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Zitkala-Sa was a 19th century Sioux author and activist, and this is a collection of Native American tales he compiled during trips to various reservations.
Among Native American tribes, the Sioux are one of the best known and most important. Participants in some of the most famous and notorious events in American history, the history of the Sioux is replete with constant reminders of the consequences of both their accommodation of and resistance to American incursions into their territory by pioneering white settlers pushing further westward during the 19th century. Some Sioux leaders and their bands resisted incoming whites, while others tried to accommodate them, but the choice often had little impact on the ultimate outcome. Crazy Horse, who was never defeated in battle by U.S. troops, surrendered to them in 1877, only to be bayoneted to death by soldiers attempting to imprison him. Black Kettle, who flew a large American flag from his lodge to indicate his friendship with the white man, was shot to death by soldiers under George Custer's command in 1868.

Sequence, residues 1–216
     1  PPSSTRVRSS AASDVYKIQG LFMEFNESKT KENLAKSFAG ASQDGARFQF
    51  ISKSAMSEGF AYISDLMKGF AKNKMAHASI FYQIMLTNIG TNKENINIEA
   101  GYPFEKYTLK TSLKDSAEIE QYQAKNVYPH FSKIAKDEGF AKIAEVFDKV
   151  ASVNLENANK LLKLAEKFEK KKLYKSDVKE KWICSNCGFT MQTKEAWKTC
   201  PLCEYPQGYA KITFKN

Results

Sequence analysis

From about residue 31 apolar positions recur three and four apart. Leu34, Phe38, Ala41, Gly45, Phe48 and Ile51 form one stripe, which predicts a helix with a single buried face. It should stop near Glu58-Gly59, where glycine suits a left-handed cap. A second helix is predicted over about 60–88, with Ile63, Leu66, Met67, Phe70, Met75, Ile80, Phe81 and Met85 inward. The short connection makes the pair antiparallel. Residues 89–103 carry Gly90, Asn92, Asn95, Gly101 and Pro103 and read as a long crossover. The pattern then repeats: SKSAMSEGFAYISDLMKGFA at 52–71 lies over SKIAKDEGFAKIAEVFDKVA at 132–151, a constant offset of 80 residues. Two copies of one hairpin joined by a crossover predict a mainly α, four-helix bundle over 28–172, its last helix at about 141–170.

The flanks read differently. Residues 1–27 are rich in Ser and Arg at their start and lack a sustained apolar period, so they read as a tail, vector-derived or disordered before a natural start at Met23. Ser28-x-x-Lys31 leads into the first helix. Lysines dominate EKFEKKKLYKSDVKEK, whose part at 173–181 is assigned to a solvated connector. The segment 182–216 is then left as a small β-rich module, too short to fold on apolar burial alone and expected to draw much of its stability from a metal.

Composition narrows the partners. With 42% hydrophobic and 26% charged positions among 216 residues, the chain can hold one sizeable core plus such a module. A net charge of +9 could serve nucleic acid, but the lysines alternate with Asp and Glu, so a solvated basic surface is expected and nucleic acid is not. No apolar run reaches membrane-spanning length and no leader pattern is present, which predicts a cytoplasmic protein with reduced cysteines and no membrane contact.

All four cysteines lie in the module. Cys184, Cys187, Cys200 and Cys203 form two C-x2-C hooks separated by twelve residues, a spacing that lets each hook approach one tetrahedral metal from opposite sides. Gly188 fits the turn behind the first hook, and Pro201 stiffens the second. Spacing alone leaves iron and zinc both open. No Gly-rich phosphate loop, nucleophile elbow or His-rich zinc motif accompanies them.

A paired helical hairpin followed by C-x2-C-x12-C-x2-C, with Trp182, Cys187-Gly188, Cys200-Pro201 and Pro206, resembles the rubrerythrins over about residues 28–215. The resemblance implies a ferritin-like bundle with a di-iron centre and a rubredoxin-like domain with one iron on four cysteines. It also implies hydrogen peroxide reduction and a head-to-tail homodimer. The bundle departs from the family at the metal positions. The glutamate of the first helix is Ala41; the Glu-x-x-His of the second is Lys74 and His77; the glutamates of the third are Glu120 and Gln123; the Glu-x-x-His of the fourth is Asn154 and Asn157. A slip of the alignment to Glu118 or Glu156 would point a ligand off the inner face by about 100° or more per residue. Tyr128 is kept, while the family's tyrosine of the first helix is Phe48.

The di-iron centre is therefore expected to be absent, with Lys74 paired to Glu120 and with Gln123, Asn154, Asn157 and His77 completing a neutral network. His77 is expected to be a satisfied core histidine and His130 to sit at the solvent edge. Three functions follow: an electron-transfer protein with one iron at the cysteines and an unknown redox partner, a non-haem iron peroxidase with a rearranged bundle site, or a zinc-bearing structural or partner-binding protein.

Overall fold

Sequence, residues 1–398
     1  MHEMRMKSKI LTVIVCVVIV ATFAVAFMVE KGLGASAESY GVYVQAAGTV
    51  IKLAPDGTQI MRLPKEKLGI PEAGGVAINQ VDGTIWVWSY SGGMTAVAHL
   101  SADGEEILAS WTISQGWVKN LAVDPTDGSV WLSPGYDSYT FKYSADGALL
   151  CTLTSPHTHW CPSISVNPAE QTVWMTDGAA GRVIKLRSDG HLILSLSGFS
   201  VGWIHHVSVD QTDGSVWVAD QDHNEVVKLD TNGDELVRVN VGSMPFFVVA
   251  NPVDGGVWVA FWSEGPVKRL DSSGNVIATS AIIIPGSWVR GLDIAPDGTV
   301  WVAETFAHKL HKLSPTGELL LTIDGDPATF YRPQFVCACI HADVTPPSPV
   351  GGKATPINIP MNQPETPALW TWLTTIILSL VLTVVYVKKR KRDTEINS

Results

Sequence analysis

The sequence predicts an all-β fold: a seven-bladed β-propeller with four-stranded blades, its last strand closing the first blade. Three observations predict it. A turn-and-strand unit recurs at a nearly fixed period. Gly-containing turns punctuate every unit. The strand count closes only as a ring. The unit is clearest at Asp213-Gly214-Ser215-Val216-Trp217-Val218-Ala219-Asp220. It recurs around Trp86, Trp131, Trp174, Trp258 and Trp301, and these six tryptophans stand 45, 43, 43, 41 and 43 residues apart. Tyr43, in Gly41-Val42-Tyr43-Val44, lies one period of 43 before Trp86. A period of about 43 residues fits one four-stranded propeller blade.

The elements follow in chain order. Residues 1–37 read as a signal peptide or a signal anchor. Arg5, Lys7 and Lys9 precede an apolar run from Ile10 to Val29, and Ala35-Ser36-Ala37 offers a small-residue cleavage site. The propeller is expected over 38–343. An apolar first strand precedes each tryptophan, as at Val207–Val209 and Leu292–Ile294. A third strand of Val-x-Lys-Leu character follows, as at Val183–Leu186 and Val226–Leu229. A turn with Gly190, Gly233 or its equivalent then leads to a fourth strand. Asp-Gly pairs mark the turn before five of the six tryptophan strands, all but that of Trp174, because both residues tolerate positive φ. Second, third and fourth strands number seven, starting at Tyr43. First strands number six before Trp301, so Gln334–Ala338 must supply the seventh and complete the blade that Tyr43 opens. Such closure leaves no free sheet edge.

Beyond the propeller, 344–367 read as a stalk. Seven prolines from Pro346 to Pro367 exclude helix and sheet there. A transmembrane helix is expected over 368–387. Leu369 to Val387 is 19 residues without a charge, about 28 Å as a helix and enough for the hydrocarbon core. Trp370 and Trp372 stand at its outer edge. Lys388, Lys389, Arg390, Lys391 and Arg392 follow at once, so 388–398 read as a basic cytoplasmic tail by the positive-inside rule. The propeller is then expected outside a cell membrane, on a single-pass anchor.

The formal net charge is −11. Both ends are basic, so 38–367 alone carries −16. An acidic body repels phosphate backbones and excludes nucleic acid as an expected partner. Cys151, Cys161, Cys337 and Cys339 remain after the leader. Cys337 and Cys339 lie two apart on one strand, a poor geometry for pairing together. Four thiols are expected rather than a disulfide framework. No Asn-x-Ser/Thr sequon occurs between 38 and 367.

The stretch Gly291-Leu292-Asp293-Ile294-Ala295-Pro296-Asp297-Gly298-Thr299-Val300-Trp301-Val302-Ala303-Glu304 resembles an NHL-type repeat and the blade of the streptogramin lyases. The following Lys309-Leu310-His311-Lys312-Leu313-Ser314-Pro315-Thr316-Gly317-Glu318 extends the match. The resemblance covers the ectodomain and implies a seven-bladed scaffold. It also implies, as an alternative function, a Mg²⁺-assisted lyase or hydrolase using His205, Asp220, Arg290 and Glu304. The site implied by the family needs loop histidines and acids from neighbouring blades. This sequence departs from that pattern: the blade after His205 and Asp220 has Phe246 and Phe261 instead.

Throughout the 19th century, the U.S. government and its officials in the West adopted a policy of dividing the Sioux into two groups: "Treaty Indians" and "Non-treaty Indians." Often they used these groups against each other or used one group to influence another, but the end was always the same. They were forced off the land where they resided, their populations were decimated by disease, and they were forced onto reservations to adopt lifestyles considered "appropriate" by American standards. Despite being some of the most erstwhile foes the U.S. government faced during the Indian Wars, the Sioux and their most famous leaders were grudgingly admired and eventually immortalized by the very people they fought. Sitting Bull and Crazy Horse remain household names due to their leadership of the Sioux at the fateful Battle of the Little Bighorn, where the native warriors wiped out much of George Custer's 7th Cavalry and inflicted the worst defeat of the Indian Wars upon the U.S. Army. Red Cloud remains a symbol of both defiance and conciliation, resisting the Americans during Red Cloud's War but also transitioning into a more peaceful life for decades on reservation.